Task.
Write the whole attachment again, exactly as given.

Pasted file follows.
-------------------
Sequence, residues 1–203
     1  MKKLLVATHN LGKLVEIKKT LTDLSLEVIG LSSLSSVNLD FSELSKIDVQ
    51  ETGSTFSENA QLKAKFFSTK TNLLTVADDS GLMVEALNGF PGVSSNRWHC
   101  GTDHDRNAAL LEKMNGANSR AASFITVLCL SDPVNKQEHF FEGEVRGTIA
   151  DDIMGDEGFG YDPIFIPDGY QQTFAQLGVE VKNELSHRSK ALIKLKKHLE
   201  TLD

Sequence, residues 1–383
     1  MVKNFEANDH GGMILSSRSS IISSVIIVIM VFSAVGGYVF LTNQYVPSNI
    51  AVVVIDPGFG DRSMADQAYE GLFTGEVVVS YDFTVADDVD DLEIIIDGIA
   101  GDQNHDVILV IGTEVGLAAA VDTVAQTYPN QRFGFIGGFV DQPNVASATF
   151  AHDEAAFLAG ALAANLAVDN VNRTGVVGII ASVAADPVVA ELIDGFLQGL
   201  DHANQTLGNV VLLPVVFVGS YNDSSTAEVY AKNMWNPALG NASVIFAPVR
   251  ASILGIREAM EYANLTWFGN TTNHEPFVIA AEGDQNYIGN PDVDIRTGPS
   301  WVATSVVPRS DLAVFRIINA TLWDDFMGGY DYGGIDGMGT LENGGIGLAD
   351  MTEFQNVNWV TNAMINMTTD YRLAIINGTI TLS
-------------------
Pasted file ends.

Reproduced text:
Sequence, residues 1–203
     1  MKKLLVATHN LGKLVEIKKT LTDLSLEVIG LSSLSSVNLD FSELSKIDVQ
    51  ETGSTFSENA QLKAKFFSTK TNLLTVADDS GLMVEALNGF PGVSSNRWHC
   101  GTDHDRNAAL LEKMNGANSR AASFITVLCL SDPVNKQEHF FEGEVRGTIA
   151  DDIMGDEGFG YDPIFIPDGY QQTFAQLGVE VKNELSHRSK ALIKLKKHLE
   201  TLD

Sequence, residues 1–383
     1  MVKNFEANDH GGMILSSRSS IISSVIIVIM VFSAVGGYVF LTNQYVPSNI
    51  AVVVIDPGFG DRSMADQAYE GLFTGEVVVS YDFTVADDVD DLEIIIDGIA
   101  GDQNHDVILV IGTEVGLAAA VDTVAQTYPN QRFGFIGGFV DQPNVASATF
   151  AHDEAAFLAG ALAANLAVDN VNRTGVVGII ASVAADPVVA ELIDGFLQGL
   201  DHANQTLGNV VLLPVVFVGS YNDSSTAEVY AKNMWNPALG NASVIFAPVR
   251  ASILGIREAM EYANLTWFGN TTNHEPFVIA AEGDQNYIGN PDVDIRTGPS
   301  WVATSVVPRS DLAVFRIINA TLWDDFMGGY DYGGIDGMGT LENGGIGLAD
   351  MTEFQNVNWV TNAMINMTTD YRLAIINGTI TLS